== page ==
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Old 08-26-2017, 11:58 AM  
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Default Options to Insulate Cold Bedroom Above Garage

Hello all, and thanks in advance for any advice offered.

I am about to tackle a notoriously cold bedroom above my garage once and for all. The current batt insulation up against basement ceiling (or under bedroom floor - depending on how you look at it) that is held in place by wire just isn't cutting it. This insulation is not enclosed (no gypsum board over it).

I found a solution I like that was posted by what appears to be an expert on the subject:

However, I want to keep the 2" loss of ceiling height that both options in the article require.

I'd like to go with one of the two options as shown in my images. Is one better than the other?

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Old 08-31-2017, 08:46 PM  
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Have you considered closed cell sprayed foam insulation? You get complete coverage and depth which is superior in R value to insulation batts. Why use rigid and batts when you can simply fill the entire joist bay with foam.

Look at the charts from this web site showing R-value of materials and depth.

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Old 09-01-2017, 06:47 AM  
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Hello. Thanks for the advice. Yes, I have considered the spray foam option. However, I find it far too expensive.
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Old 09-24-2017, 12:45 PM  
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''I'd like to go with one of the two options as shown in my images. Is one better than the other?''

the answer lies in the R value of what you have.
1/2'' x 4'x8' is an R value of 3

roll insulation with a 19R value will do just fine if you sheet rock the garage ceiling
your problem rat now is the cold air is allowed to circulate around the insulation.
rock the ceiling, stop the air, you will be fine
Cogito, ergo armatus sum.

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Old 09-24-2017, 05:00 PM  
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To meet minimum code there should have been 5/8 sheetrock on the ceiling!
It will stop all the air flow.
Need to seal up anyplace where wires or plumbing was run with through the plates with fire proof caulking first.
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Old 09-24-2017, 05:18 PM  
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Both options call for gyp board, however #1 will give you a warmer floor.
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Old 09-24-2017, 08:34 PM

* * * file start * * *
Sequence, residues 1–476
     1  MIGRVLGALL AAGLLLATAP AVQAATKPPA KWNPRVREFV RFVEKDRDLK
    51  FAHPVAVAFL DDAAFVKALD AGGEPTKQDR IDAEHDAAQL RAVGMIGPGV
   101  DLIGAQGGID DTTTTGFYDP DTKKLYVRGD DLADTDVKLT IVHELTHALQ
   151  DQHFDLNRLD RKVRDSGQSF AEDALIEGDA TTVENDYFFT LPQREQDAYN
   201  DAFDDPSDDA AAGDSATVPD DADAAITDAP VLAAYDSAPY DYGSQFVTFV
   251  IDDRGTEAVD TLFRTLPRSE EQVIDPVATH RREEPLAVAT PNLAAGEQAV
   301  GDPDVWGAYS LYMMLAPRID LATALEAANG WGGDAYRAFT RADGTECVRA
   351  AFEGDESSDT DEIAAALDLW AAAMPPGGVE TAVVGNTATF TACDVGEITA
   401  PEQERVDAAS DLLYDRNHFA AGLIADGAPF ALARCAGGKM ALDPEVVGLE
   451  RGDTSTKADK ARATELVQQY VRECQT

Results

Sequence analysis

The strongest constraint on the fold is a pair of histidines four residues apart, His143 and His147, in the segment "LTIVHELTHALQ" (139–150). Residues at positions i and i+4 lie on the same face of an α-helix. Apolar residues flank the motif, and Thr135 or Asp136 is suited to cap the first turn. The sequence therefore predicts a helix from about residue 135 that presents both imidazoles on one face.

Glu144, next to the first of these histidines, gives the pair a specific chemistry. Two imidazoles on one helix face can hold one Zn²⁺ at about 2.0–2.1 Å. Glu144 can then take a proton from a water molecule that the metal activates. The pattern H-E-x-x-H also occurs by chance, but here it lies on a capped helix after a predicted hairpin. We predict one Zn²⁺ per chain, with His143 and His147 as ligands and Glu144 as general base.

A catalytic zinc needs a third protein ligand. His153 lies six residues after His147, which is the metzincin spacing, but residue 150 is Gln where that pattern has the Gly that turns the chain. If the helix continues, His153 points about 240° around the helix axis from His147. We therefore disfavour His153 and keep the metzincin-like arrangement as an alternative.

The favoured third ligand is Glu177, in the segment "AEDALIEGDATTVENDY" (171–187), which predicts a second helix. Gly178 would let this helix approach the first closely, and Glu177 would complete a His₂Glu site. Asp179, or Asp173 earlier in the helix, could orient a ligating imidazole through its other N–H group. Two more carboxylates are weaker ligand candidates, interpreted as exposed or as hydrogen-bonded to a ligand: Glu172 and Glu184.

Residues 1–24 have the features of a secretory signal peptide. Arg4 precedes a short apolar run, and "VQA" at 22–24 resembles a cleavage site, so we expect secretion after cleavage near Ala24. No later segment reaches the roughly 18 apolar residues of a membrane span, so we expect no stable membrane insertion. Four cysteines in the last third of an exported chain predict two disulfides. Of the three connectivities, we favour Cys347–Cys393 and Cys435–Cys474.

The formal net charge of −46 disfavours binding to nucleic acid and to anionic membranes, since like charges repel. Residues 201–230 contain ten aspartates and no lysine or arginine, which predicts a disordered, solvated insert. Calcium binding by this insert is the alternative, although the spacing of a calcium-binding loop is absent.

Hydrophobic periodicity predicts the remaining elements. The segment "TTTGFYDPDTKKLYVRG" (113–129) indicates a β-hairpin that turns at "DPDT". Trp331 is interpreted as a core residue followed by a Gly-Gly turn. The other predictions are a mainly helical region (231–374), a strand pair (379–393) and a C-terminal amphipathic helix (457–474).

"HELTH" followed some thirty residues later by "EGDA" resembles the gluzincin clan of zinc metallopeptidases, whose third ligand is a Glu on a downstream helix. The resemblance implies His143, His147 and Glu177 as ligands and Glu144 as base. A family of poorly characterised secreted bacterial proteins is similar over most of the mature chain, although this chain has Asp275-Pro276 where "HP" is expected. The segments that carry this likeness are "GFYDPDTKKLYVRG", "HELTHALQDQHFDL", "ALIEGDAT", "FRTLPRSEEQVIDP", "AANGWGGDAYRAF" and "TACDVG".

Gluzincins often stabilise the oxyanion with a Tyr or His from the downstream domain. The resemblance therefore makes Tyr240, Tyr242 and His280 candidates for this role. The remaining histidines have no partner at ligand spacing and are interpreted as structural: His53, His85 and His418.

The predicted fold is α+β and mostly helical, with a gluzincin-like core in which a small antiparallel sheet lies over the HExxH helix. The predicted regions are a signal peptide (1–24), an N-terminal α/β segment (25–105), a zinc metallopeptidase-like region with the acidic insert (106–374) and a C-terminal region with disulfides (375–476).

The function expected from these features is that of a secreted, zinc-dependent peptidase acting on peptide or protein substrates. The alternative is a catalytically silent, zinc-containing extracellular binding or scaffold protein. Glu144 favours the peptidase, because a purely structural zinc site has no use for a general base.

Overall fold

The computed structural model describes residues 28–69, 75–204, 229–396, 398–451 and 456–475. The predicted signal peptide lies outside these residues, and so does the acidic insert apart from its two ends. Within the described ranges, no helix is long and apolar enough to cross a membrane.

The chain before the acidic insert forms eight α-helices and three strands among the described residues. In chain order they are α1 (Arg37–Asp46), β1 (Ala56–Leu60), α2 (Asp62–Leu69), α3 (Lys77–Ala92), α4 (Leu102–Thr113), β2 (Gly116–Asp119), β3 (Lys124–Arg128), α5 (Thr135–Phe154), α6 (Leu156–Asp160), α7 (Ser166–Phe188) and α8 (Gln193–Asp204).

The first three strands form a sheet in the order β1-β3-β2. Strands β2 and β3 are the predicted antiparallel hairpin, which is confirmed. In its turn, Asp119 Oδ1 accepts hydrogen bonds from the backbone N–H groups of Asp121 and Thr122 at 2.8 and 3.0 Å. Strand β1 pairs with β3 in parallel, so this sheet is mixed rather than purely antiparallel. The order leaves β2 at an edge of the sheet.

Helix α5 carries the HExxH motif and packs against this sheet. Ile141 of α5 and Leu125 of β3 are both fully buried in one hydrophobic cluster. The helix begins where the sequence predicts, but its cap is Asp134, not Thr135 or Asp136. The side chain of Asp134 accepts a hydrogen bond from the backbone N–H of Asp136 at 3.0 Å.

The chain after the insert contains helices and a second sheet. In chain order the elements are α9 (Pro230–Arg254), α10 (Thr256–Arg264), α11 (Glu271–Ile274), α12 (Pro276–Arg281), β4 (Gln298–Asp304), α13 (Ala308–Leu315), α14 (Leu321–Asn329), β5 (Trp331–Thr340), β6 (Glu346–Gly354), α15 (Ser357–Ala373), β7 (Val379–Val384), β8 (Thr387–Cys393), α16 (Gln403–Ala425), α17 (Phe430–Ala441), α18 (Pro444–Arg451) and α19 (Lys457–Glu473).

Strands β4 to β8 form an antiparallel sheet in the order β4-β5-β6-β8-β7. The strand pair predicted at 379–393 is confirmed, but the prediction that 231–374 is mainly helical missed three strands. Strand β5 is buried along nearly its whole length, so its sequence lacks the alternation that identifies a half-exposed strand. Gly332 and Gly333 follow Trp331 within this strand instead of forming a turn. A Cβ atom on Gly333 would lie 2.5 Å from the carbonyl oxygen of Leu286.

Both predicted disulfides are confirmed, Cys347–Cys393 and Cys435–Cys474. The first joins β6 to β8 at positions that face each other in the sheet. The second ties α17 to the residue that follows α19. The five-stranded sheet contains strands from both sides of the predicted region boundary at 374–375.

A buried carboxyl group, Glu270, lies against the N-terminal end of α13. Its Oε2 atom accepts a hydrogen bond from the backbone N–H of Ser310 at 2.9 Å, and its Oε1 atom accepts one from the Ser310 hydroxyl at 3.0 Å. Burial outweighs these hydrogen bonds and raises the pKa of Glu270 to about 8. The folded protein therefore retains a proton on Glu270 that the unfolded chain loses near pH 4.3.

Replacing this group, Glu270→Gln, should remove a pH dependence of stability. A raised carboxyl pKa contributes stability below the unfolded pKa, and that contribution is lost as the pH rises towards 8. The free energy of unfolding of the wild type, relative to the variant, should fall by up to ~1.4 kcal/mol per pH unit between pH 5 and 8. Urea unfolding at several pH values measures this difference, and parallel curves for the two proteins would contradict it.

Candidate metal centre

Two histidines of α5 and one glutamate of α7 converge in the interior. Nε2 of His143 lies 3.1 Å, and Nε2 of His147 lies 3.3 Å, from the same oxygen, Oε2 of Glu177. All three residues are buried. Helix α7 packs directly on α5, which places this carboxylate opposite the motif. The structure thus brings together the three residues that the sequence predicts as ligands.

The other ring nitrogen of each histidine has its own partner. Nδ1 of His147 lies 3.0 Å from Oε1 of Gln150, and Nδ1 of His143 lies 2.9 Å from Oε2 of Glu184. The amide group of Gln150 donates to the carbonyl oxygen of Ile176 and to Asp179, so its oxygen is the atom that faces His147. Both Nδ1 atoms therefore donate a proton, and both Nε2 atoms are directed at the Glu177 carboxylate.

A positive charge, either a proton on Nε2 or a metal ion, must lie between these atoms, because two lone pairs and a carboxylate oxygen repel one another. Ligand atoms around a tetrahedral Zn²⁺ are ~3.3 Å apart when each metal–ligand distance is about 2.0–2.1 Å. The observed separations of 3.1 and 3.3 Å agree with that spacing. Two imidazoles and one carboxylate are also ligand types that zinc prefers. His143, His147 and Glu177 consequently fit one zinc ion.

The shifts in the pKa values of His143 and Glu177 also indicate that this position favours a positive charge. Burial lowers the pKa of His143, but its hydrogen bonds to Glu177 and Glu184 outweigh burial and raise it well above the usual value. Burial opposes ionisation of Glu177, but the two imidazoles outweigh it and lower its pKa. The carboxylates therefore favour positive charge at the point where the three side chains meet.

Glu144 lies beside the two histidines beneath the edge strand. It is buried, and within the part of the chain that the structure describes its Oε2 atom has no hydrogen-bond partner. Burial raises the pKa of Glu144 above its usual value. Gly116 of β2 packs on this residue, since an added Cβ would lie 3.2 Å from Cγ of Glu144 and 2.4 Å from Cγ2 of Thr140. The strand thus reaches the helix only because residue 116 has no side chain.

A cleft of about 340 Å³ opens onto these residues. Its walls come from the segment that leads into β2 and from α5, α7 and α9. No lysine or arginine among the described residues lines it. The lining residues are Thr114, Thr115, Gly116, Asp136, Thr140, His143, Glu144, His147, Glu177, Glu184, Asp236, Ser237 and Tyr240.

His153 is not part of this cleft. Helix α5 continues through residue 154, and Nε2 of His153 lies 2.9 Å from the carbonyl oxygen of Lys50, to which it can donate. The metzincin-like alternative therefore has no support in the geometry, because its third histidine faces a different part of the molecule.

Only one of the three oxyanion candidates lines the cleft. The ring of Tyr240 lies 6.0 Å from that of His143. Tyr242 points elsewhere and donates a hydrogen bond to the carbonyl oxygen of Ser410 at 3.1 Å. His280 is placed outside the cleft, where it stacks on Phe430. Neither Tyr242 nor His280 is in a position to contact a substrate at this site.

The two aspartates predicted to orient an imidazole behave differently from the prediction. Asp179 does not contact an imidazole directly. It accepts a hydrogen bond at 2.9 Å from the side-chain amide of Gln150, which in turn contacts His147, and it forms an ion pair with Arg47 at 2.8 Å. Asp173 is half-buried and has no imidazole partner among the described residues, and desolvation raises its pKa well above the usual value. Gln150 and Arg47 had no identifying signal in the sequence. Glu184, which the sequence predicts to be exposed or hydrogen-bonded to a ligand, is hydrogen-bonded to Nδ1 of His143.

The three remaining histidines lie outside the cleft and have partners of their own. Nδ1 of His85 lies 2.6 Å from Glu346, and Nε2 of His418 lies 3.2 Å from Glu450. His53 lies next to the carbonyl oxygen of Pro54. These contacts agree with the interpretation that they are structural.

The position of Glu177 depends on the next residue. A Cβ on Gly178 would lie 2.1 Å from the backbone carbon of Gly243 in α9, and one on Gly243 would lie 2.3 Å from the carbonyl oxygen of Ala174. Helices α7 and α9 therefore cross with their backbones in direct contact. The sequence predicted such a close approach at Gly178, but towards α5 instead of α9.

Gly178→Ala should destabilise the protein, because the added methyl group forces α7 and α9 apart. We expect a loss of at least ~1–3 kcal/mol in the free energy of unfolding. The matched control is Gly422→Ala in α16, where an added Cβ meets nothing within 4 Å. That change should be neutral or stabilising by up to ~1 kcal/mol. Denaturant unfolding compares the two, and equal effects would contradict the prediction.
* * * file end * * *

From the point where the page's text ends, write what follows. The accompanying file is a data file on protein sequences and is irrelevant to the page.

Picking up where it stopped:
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If you go with #1 the insulation can slip down leaving gaps so I would go with #2 no vapour barrier
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Old 09-25-2017, 06:48 AM  
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You also need to look at sources of airflow above the room. Sealing outlets and switches, sealing the penetrations into the attic space to stop airflow up. If you go with option one I'd use an adhesive that is safe for the extruded polystyrene and glue it to the underside of the floor to keep it from falling down and compressing the insulation and providing air gaps. If you go with option two, if you have the head room apply it across the bottom of the floor joists, tape any joints and then cover it with 5/8" rock and do at least the tape coat of drywall compound. Personally, I'd go to finish coat and paint the ceiling as it makes the garage look much better to have the walls and ceiling painted out instead of raw drywall.
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Old 09-25-2017, 12:03 PM  
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I would do option 1 with as thick of foam board as I could find and easily cut and work with. I would cut the pieces for a tight fit and then seal them in at the edges with canned spray foam. If I worried about them falling I would use some strapping screwed into the joists to make a ledge to hold it up. I have found using the sheet foam and then sealing it in with spray foam gives the same result as having the more expensive spray job and is DIY friendly. For additional add the fiberglass with no vapor barrier and then 5/8 Drywall. 5/8 is pretty heavy to work alone with and rent or buy a harbor freight lift. I have done double thickness half inch as well.

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